These cases show that the effects of the two directives slowly begin to arise. However, considering the shortcomings outlined above (in particular weak awareness and underreporting), their full potential is still to be released.

The full report is available here.
* Human Rights Watch: Violations rising, tolerance declining in EU
By ČTK, translated by Gwendolyn Albert

Berlin, Germany, 21.1.2014 - Tolerance is declining in the European Union and cases of human rights violations are more frequent. Those are the conclusions of the report on the year 2013 by Human Rights Watch (HRW), which was just presented in Berlin.
The organization criticizes the approach taken by several EU Member States toward asylum-seekers, Muslims, and Romani people. Neither the Czech Republic nor Slovakia were mentioned.
 
Read more here
* Slovakia: Villages burned by Nazis during WW II elect right-wing extremist

By ČTK, translated by Gwendolyn Albert

In the Central Slovakian villages of Kľak and Ostrý Grúň, whose inhabitants were massacred during the Second World War, most people are now voting for right-wing extremist Marián Kotleba. The online edition of the Slovak newspaper Sme notes this fact in its commemoration of the massacre, which took place 69 years ago.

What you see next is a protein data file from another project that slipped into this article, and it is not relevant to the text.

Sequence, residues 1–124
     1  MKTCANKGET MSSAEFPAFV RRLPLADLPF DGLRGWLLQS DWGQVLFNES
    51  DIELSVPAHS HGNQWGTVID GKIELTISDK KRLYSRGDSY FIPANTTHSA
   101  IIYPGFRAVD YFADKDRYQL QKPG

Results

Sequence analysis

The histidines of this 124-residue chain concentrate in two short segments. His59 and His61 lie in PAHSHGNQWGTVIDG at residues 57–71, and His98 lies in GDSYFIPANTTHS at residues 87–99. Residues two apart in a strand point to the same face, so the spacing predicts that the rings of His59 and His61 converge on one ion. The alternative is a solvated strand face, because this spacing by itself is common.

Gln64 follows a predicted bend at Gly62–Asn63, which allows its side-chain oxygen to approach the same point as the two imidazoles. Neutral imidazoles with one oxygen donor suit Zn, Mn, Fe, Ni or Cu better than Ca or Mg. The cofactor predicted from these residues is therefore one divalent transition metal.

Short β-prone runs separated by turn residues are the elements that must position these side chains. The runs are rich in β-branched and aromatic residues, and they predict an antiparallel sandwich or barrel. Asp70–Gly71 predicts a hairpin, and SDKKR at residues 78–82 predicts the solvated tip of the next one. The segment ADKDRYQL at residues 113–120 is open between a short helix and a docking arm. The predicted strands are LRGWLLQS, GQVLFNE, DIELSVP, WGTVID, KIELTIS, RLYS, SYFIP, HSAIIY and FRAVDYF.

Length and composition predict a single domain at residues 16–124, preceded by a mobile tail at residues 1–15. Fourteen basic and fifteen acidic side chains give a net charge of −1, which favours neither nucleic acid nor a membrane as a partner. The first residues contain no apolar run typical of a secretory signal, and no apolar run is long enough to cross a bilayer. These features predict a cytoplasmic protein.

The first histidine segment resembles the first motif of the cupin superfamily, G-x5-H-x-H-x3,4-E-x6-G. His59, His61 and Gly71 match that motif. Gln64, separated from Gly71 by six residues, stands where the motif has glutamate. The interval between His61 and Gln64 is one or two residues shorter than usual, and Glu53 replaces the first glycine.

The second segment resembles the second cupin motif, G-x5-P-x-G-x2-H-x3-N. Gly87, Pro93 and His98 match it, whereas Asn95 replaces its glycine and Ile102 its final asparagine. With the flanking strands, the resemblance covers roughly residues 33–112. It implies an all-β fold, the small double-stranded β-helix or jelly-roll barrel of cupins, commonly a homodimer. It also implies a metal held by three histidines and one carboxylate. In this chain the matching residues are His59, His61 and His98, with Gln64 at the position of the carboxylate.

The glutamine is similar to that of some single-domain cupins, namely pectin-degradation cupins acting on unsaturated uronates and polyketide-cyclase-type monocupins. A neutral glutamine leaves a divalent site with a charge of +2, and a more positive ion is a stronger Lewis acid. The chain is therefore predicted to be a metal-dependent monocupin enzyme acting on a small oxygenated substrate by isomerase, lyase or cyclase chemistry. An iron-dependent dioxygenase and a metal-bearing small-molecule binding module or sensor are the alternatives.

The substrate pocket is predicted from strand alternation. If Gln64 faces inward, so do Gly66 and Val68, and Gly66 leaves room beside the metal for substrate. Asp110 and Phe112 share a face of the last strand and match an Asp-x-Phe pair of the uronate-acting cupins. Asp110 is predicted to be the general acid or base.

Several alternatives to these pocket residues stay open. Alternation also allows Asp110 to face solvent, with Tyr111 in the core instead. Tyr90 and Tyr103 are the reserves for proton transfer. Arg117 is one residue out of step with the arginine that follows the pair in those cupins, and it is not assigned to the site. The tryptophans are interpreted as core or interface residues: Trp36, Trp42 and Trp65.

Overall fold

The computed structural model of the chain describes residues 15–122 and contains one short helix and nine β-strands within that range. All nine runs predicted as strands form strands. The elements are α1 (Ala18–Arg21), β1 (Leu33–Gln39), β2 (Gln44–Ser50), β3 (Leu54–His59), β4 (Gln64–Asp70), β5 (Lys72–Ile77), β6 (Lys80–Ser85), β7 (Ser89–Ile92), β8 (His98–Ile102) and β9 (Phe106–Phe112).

Kľak and Ostrý Grúň, where the anti-partisan Edelweiss commando murdered 148 civilians ranging from three months to 78 years old in January 1945, is located in the Banská Bystrica Region. Last November the provincial governor there became Kotleba, a right-wing radical leader who makes no secret of his sympathies for the wartime Slovak state, which was a satellite of Nazi Germany. 

Read more here

* The Plight of the Roma: Europe's Unwanted People
By SPIEGEL Staff

January 07, 2014  -  More than 10 million Roma live in Europe. Tens of thousands of them are fleeing westwards from poverty and discrimination in the countries of southeastern Europe. But EU member states are failing to help them.

The cupboard door sails out of an upper floor window and lands on a heap of rubbish on a lawn in the Duisburg suburb of Rheinhausen. Half a dozen men in thick jackets and woolen hats stand just two meters (six feet) away. The door could have injured someone but Marian, Nico and the others don't move a muscle. "They're renovating," says Marian. The men laugh. "There are no problems."